CDC: NH well prepared to respond to public health emergencies
The CDC report, 2013-2014 National Snapshot of Public Health Preparedness, includes data on laboratory and response activities happening at state and local health departments across the nation. Being prepared to prevent, respond to and recover from all types of public health threats -- such as disease outbreaks, chemical releases, or natural disasters -- requires public health departments improve and maintain their capabilities in surveillance and epidemiology, laboratories and response readiness.
"We are pleased with the results of the report," Dr. José Montero, director of Public Health at DHHS, said in a prepared statement. "Employees at our department and around the state have put in tremendous amounts of work over the last few years to prepare for emergencies as well as some real-life practice that enabled us to improve and learn what works best for the people of New Hampshire."
Accomplishments highlighted in the CDC report include:
The Public Health Laboratories (PHL) passed all four proficiency tests in 2012 evaluating its ability to receive, test and report on suspected biological agents to CDC. The state lab successfully identified a chemical agent during unannounced proficiency testing and scored 100 on its ability to rapidly identify E. coli and Listeria samples and send the results into the PulseNet system within four days.
The DHHS incident management team leads reported for immediate duty in 20 minutes during a 2012 drill when the goal was within 60 minutes.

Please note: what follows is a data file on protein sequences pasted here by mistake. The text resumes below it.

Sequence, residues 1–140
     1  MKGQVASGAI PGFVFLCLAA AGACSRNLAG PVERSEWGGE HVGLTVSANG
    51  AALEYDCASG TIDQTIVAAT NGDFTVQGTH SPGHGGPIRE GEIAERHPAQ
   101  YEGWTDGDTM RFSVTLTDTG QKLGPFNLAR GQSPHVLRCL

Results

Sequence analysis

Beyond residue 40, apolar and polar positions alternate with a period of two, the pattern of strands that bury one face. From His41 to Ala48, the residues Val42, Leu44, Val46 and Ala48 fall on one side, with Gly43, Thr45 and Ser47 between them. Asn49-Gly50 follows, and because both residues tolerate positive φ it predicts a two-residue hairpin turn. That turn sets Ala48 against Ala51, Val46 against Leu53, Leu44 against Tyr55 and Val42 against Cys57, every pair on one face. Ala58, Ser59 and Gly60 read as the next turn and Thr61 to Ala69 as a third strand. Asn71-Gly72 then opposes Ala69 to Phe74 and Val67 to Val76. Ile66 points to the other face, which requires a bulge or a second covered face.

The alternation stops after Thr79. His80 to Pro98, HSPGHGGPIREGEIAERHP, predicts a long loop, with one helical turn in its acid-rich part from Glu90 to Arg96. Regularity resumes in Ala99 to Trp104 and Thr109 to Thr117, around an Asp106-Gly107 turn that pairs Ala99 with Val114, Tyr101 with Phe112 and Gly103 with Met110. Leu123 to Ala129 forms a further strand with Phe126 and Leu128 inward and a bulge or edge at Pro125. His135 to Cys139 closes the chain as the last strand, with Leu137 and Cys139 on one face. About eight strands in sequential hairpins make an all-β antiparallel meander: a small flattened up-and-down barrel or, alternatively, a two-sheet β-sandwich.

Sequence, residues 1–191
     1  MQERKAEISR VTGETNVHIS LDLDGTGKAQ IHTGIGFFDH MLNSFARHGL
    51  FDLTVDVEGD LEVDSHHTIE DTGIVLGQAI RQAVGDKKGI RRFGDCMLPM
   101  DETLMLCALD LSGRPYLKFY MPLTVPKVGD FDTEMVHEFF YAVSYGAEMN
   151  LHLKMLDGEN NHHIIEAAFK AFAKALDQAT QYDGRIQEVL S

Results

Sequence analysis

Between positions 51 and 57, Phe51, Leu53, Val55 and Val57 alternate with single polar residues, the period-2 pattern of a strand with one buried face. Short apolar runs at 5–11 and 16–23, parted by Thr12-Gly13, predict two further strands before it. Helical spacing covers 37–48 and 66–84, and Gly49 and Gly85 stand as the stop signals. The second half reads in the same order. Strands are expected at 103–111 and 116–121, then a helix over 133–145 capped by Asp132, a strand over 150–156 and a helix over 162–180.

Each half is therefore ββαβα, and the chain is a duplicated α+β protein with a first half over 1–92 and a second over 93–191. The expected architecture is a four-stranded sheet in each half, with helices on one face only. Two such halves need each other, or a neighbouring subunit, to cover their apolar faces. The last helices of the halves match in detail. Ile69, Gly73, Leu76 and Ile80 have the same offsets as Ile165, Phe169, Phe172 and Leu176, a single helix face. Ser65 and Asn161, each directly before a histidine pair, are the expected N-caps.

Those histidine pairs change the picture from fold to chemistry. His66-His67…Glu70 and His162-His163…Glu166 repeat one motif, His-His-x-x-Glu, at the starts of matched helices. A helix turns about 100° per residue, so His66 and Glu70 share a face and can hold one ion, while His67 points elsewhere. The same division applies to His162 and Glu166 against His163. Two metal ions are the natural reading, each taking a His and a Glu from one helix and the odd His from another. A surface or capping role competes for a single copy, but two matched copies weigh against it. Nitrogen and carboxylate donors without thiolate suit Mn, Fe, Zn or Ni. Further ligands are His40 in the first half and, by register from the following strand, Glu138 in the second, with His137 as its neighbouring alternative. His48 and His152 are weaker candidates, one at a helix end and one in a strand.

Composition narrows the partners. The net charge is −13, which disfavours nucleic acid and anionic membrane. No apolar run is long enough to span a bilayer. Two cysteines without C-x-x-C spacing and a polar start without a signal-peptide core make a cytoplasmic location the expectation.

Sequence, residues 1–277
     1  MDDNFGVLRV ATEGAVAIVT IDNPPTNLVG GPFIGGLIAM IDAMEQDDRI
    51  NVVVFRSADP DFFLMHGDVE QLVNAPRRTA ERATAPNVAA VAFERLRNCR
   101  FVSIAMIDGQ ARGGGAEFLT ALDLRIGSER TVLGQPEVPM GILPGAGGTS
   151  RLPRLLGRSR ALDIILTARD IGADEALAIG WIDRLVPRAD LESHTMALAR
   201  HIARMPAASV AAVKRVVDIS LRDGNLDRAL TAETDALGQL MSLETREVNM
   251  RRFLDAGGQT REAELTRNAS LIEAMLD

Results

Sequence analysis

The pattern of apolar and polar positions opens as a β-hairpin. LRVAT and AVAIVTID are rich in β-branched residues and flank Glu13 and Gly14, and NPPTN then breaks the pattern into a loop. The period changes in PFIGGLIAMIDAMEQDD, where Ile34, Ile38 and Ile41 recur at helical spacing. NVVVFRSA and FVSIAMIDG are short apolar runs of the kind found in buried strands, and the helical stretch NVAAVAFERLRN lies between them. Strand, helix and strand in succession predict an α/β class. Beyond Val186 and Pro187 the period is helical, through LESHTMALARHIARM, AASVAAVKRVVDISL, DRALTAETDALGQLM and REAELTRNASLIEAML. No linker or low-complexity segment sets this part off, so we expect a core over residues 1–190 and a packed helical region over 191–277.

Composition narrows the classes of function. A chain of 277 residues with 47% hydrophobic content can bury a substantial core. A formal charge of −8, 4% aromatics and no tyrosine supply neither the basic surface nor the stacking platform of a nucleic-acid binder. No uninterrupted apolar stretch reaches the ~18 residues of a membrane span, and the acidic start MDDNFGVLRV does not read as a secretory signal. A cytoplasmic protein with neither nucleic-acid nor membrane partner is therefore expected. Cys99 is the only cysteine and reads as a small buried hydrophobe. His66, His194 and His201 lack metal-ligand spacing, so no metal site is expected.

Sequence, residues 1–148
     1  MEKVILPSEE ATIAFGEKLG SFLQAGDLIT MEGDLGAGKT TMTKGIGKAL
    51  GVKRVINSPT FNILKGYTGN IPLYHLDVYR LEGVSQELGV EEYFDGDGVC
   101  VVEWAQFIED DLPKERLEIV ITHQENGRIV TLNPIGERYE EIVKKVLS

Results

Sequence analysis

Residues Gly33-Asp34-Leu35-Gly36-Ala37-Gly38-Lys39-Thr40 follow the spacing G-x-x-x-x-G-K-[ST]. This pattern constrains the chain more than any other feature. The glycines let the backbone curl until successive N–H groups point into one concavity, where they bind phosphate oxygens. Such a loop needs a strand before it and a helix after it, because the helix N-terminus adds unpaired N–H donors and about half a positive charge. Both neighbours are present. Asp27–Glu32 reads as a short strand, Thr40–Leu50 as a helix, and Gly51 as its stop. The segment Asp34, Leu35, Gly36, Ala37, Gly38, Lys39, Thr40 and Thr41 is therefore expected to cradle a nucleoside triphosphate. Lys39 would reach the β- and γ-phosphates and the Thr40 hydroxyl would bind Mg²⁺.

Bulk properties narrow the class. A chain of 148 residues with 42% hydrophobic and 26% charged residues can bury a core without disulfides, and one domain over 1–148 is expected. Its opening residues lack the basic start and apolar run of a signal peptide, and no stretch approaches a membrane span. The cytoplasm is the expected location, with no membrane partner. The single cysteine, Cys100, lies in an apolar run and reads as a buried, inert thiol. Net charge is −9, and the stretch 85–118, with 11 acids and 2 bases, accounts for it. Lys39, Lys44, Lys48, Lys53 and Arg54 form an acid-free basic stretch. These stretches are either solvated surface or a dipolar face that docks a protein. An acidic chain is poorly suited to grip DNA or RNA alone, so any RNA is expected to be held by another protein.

The state developed a timely, approved incident action plan for a response, and received an overall score of 100 from CDC on the technical assistance review for its plans to receive, stage, distribute and dispense medical assets received from the Strategic National Stockpile or other sources.
For the Manchester/Nashua Metropolitan Statistical Area, the state received a technical assistance review score of 80 out of 100 in 2012. That is part of the Cities Readiness Initiative of the Strategic National Stockpile.
State health officials said since 2009, the state has dealt with the H1N1 influenza pandemic, the Vermont Yankee tritium investigation, "Snowtober," the hepatitis C and A outbreaks and other emergency events, underscoring the importance of the state and communities being prepared for all types of hazards.
According to the report, the state receives $5.39 million from the CDC through the Public Health Emergency Preparedness cooperative agreement.
The report and state-specific information on New Hampshire is available on CDC's website at http://www.cdc.gov/phpr/pubs-links/2013/ .
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